An incredibly rare juvenile skull with an extinct ape has now been discovered in China, findings indicating that a very large group of apes once existed in South East Asia, according to researchers.
Apes are the closest relatives to humans, including gorillas, chimpanzees and orangutans. They once inhabited much of the Old World, including most of Europe and Asia, and a much larger swath of Africa than they do at present.
An extremely rare juvenile skull of an extinct ape that lived some 6 million years ago has now been revealed from China.
A crucial period in the evolution of humans and their ape relatives was around 5 million to 11 million years ago in the late Miocene era. In much of Eurasia, apes became extinct near the end of the Miocene.
“Climate and environments were changing rapidly throughout the world at the end of the Miocene, and these changes are reflected in the changing faunas, particularly in the Old World, where animals adapted to living in more equable forest habitats gave way in most places to those capable of living in more open habitats and drier, more seasonal conditions,” said researcher Jay Kelley, a paleoanthropologist at the Institute of Human Origins at Arizona State University in Tempe.
Cool cranium discovery
To explore ape evolution during the late Miocene, scientists investigated a site in the Yunnan province in southern China called Shuitangba, which is a mine for lignite, a form of low-grade coal. Southern China was less affected by the deteriorating climate during the late Miocene that drove extinct many ape species throughout the rest of Eurasia.
Miners have recovered fossils at Shuitangba since at least the 1950s. The investigators began excavating at the site in 2007. “The workers keep a lignite fire going all the time to roast potatoes, which is smoky and smells awful, and your hair and clothes become permeated with the lignite smell,” Kelley said.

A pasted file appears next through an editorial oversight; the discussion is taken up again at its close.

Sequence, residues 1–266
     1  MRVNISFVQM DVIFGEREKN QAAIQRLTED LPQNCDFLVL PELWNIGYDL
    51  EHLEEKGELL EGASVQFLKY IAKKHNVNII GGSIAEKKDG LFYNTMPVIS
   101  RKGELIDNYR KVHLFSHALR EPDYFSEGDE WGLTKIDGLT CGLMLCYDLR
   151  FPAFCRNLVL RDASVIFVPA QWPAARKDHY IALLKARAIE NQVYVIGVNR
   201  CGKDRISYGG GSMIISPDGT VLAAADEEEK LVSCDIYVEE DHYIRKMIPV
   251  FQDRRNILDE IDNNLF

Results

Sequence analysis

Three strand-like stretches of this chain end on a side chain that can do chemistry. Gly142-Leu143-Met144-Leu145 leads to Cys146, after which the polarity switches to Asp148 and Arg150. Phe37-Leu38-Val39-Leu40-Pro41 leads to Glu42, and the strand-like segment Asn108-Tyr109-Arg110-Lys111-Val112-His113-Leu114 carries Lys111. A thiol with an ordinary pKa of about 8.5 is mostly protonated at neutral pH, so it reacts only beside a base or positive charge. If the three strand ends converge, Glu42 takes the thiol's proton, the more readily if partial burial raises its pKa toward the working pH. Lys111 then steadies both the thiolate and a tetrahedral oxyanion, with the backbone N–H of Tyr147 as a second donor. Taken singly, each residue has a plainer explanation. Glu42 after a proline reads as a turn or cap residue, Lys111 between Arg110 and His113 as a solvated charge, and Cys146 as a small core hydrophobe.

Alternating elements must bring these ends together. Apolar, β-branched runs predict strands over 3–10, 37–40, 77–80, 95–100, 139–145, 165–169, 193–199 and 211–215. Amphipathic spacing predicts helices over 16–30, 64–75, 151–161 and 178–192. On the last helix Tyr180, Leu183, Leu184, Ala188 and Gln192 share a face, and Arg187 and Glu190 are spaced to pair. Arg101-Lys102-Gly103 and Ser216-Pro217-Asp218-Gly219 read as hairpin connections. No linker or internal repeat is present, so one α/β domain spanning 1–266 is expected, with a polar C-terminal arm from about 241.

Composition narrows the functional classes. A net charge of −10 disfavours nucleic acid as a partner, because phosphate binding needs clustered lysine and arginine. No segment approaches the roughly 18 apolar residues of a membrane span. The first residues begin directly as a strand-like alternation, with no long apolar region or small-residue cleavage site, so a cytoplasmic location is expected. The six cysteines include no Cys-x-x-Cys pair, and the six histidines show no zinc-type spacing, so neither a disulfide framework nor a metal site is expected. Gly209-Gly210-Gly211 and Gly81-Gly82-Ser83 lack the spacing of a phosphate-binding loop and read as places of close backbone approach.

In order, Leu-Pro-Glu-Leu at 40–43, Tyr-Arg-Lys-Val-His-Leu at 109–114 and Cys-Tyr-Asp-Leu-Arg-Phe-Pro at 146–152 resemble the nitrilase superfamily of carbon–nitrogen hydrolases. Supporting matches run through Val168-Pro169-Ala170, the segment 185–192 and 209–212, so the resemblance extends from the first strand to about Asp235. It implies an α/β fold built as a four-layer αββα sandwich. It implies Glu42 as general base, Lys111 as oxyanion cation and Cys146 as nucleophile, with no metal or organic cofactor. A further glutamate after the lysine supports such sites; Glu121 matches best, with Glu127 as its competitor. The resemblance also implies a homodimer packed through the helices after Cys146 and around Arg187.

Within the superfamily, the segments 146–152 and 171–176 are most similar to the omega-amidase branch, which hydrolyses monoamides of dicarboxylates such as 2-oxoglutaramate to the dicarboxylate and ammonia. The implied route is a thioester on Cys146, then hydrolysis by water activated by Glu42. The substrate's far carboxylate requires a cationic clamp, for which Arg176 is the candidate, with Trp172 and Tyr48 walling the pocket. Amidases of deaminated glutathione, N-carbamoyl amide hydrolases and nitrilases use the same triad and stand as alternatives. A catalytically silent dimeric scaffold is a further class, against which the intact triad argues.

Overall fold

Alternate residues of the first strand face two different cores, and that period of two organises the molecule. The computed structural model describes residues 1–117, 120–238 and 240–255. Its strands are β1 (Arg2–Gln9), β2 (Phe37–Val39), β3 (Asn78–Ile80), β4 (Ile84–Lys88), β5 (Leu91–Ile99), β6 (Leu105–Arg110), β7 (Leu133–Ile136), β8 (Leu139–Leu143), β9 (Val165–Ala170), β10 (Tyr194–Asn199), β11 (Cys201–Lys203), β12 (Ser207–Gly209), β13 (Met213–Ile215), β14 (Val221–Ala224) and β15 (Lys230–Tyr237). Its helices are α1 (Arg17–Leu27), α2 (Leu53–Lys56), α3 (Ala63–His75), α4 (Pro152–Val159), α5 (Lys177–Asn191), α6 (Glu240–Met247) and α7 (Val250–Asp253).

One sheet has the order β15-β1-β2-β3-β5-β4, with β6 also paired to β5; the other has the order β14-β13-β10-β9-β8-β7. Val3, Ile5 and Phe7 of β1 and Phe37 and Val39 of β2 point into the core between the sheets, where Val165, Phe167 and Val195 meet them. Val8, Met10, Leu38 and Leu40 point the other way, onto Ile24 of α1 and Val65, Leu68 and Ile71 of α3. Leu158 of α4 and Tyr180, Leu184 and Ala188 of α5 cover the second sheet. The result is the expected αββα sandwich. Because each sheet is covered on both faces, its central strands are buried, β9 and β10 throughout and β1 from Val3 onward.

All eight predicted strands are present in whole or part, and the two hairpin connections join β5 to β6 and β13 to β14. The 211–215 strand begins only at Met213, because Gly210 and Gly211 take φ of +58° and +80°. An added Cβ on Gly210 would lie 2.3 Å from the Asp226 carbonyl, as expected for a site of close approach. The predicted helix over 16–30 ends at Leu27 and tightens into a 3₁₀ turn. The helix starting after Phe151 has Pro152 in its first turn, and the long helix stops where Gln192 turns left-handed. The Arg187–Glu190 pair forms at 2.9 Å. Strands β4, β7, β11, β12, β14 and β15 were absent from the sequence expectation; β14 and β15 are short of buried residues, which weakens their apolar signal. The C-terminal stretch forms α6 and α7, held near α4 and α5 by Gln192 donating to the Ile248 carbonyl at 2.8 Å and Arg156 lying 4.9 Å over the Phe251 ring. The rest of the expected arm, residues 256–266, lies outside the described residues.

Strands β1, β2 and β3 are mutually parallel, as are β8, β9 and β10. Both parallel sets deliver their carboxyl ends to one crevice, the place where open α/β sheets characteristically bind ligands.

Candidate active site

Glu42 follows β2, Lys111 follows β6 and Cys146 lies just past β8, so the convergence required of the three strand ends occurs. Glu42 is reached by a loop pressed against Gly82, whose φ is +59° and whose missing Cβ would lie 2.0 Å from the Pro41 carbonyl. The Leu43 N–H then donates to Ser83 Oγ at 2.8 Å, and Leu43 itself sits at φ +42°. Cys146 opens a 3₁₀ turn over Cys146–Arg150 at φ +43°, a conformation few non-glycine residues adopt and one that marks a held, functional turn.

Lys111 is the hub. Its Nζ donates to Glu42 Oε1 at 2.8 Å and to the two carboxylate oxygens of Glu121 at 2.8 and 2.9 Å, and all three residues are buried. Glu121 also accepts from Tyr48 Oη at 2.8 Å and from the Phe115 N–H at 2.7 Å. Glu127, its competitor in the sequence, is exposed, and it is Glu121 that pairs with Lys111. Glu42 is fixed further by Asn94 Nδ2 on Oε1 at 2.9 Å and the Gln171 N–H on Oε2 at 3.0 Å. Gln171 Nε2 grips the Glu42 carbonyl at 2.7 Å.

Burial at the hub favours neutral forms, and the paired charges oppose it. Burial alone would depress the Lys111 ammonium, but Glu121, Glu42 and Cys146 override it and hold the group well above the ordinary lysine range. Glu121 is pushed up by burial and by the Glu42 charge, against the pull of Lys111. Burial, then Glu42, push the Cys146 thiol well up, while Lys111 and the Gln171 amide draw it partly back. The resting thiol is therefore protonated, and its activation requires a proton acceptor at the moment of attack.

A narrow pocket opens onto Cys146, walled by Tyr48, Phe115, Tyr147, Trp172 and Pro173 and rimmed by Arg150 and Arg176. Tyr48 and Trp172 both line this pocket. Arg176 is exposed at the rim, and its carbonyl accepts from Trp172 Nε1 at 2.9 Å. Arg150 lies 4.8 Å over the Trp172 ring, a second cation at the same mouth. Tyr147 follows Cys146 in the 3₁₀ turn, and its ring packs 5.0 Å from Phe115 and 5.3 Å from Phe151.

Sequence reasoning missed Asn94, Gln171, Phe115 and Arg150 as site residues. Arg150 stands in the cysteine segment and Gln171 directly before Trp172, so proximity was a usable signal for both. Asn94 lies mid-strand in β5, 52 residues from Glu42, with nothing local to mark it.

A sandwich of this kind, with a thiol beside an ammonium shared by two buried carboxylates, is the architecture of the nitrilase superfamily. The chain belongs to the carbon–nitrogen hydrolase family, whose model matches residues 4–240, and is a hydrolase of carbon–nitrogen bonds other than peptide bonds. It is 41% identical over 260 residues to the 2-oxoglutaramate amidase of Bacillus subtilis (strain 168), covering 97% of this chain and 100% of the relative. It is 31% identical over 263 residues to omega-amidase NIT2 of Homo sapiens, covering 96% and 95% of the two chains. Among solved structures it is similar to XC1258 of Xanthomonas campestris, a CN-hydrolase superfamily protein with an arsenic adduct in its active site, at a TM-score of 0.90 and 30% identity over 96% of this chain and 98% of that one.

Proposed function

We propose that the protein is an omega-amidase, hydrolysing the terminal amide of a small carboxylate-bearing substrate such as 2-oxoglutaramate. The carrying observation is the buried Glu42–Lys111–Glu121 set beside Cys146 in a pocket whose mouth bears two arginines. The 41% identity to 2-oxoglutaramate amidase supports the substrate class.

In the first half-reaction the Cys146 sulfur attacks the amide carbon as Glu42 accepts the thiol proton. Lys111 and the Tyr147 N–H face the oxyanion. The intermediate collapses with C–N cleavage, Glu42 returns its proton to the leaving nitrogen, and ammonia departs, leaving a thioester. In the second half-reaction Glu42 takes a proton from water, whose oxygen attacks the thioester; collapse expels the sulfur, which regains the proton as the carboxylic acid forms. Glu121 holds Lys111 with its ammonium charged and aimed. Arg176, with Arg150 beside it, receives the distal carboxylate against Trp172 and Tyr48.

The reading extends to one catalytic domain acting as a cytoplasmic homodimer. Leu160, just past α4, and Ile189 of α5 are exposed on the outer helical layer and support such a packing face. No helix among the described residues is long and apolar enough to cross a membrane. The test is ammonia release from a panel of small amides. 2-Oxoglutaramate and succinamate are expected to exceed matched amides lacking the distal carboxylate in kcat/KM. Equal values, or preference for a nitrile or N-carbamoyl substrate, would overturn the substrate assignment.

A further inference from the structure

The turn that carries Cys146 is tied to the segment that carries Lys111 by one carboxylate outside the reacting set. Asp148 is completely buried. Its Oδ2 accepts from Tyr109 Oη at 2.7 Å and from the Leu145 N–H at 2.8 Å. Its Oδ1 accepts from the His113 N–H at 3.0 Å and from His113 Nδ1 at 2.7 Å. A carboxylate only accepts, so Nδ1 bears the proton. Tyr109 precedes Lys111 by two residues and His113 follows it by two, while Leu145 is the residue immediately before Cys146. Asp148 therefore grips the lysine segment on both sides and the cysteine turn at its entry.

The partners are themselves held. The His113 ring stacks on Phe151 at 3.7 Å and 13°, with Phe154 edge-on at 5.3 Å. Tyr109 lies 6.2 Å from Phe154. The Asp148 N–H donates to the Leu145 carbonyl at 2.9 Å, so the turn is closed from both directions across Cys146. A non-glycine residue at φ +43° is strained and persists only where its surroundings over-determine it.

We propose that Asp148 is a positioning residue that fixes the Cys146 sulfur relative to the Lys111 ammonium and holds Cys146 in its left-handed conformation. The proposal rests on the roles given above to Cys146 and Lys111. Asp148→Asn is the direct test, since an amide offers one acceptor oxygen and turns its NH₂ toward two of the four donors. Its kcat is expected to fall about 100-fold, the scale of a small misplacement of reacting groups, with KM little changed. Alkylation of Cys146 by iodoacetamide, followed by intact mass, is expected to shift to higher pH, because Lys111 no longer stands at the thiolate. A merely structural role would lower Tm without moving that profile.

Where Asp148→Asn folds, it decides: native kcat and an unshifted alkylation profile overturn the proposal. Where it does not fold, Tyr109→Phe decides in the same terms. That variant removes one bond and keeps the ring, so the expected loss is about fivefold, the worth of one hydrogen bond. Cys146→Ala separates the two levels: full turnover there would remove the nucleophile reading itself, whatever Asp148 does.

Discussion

The researchers now reveal the 6-million-year-old cranium of the extinct ape Lufengpithecus, a skull about 3 inches (8 centimeters) wide.
“It’s from a young juvenile — it would have been perhaps about 5 years old if its growth was like that of chimpanzees,” Kelley told LiveScience. “I suspect adults of this species would have been in the body size range of large chimpanzees, the larger males perhaps somewhat larger. We know from the developing canine teeth that our juvenile was a male.”
Back when these apes were alive, the area was fairly swampy — “warm or hot and wet for much of the year, even if there was some seasonality,” Kelley said. “We have also found a diverse array of birds associated with wetter environments, and mammals associated with wet environments such as beavers and otters. We have also uncovered the trunks of very large trees, so it was heavily forested.”
Learning about ape evolution
Skulls of fossil apes and other close relatives of humanity are extremely rare, especially those of infants and young juveniles. This find is only the second relatively complete cranium of a young juvenile from the Old World during the entire Miocene, an epoch stretching from 5 million to 23 million years ago.
The Shuitangba site in China, where an extremely rare juvenile skull of an extinct ape has now been revealed.
“The preservation of the new cranium is excellent,” Kelley said in a statement. “This is important because all previously discovered adult crania of the species to which it is assigned, Lufengpithecus lufengensis, were badly crushed and distorted during the fossilization process.”
In living species of apes, skulls at the same stage of development as the new fossil already closely resemble those of adults. “Therefore, the new cranium, despite being from a juvenile, gives researchers the best look at the cranial anatomy of Lufengpithecus lufengensis,” Kelley said.